Cutting board: A piece of MDF with a jointed fence glued to one side. The jointed veneer gets pushed up against the fence when it is being cut to size with a steel rule as cut­ting guide.

Mitre jig: I made a small mitre jig using some small scraps and a piece of MDF. To make your own for this proj­ect, use a dovetail-saw to make the first kerf, as a small piece of veneer will fit in the kerf perfectly to be used as stop. The other slot should be cut with the saw that you intend to use. I use a razor-saw.


Using the shooting board and either a hand plane set up to take a very, very small cut, or a shooting sander (I pre­fer the sander, as figured veneer rarely planes perfectly) shoot one edge of a piece of veneer along the grain. Push the veneer up against the cutting board fence and put your cutting guide on top. Using a sharp knife and multiple light passes, cut the veneer to width. Joint the freshly cut edge as well, just to make sure that the edge is perfectly square.

Using a razor-saw and the jig, you can now cut the strips of veneer to the proper length and into parallelograms. Use a piece of 400 grit sandpaper to gently sand off the tiny chips left from the saw. Once three pieces are cut, double check to make sure they form a perfect cube. If not, diag­nose and make adjustments accordingly.
When I assemble the pattern, I like to use either isometric paper or graph paper as a background as it helps me keep things aligned.

Assemble the pattern with the glue side up (finished surface down). Use green masking tape at this step, as it does not stick that well and will allow you to make adjustments if required.

Once that pattern is the required size, flip it over and use veneer tape on the show side. The veneer tape will shrink as it dries pulling the pattern together and clos­ing up any tiny gaps, but it will also curl your design. While the tape is drying, put something heavy and flat on top of it to so it stays flat. Once the tape is dry, carefully remove all the green tape.

Glue, smooth and finish

The pattern will need to be glued to a substrate. Almost anything can be used, plywood, MDF, or my choice: quarter-sawn softwood panels. Once the substrate is sized, glue up both sides of the panel at the same time using glue and a press. I use liquid hide glue. Use wax paper in between the work piece and the cauls, so squeeze-out does not stick every­thing together. A veneer press is ideal, but clamps and cauls will work fine, espe­cially for smaller surfaces. A vacuum bag is great, if you have access to one.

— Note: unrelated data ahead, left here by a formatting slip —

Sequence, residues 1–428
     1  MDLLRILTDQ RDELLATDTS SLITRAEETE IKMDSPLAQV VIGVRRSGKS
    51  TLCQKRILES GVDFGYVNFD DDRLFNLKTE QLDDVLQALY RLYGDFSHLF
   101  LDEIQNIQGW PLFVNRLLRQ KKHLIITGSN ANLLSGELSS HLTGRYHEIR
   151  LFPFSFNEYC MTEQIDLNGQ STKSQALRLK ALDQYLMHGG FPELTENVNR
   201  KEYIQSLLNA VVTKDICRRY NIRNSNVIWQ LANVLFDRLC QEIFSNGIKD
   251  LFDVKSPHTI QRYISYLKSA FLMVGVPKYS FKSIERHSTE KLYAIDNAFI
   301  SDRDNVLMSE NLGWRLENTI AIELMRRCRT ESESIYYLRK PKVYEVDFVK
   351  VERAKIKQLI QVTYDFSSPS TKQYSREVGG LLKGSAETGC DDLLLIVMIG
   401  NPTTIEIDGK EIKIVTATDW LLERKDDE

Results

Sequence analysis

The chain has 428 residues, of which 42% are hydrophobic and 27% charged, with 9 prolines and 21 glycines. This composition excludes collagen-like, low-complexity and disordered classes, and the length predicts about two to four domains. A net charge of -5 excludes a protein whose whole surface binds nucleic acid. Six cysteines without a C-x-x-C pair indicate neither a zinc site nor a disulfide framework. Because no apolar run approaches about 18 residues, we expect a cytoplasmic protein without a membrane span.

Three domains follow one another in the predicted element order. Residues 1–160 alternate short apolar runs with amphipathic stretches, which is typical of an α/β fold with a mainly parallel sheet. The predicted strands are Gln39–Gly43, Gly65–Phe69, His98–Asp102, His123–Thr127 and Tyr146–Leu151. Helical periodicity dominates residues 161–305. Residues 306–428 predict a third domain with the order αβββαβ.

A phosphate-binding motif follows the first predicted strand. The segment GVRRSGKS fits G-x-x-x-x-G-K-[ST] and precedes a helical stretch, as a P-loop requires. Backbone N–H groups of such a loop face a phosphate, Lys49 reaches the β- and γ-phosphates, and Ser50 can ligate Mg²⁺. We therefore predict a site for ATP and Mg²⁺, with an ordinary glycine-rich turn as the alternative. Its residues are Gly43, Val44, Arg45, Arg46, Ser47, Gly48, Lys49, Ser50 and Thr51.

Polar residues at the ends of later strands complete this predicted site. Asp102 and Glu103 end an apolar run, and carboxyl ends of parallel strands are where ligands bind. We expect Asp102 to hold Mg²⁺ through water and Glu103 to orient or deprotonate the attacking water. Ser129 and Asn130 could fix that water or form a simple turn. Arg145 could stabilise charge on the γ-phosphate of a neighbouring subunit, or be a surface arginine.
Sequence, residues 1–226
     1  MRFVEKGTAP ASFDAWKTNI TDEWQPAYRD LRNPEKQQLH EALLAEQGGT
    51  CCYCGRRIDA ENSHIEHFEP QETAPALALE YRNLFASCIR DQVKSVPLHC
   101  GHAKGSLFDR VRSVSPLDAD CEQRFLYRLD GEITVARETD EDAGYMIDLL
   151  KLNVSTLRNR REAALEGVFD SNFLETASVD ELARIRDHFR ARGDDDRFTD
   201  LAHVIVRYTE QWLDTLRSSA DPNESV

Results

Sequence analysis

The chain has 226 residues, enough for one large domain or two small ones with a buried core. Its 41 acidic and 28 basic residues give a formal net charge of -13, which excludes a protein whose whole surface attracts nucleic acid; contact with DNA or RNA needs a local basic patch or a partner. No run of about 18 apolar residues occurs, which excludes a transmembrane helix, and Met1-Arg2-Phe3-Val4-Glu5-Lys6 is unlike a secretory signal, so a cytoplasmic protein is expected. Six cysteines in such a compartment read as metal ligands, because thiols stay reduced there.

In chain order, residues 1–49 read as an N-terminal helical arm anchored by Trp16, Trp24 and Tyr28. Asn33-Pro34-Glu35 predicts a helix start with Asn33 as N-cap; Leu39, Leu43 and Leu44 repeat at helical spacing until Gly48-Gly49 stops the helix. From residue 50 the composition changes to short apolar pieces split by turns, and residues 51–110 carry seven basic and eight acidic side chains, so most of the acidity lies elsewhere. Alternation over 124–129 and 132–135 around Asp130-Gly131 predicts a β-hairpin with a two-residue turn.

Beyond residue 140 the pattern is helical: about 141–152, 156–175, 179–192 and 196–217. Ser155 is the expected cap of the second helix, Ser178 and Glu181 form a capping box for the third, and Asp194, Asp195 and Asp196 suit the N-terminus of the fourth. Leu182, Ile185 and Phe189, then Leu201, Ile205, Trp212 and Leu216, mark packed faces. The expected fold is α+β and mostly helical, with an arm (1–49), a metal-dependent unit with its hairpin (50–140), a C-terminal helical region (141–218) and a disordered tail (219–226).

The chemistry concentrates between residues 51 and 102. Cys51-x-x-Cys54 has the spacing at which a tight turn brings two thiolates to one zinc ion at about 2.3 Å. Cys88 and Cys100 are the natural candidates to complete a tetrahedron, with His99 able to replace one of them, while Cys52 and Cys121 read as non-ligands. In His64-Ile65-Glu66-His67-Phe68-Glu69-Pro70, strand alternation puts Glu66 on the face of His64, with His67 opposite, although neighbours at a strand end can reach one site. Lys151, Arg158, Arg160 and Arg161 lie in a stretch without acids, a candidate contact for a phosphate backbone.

Give the glue 24 hours in the press to cure. Any joinery or grooves that need to be made should be made now while the veneer tape is still attached.

To remove the veneer tape, use a damp cloth and a card scraper. Lightly wet the tape with the cloth, and the adhesive will reactivate and can be removed eas­ily. Careful though – too much water and you could reactivate the glue and lift the panel. Ensure all the tape is off before scraping the surface smooth. I have found a thin card scraper with a small 3–5° burr works best.
Once your project is complete, use the finish of your choice, and watch as your family and friends are mesmerized.

Jeremy Pringle - [email protected]

Jeremy is primarily a hand tool woodworker who is constantly looking for older and better ways of doing things.

Leave a Reply

Your email address will not be published. Required fields are marked *


Other articles to explore
Username: Password: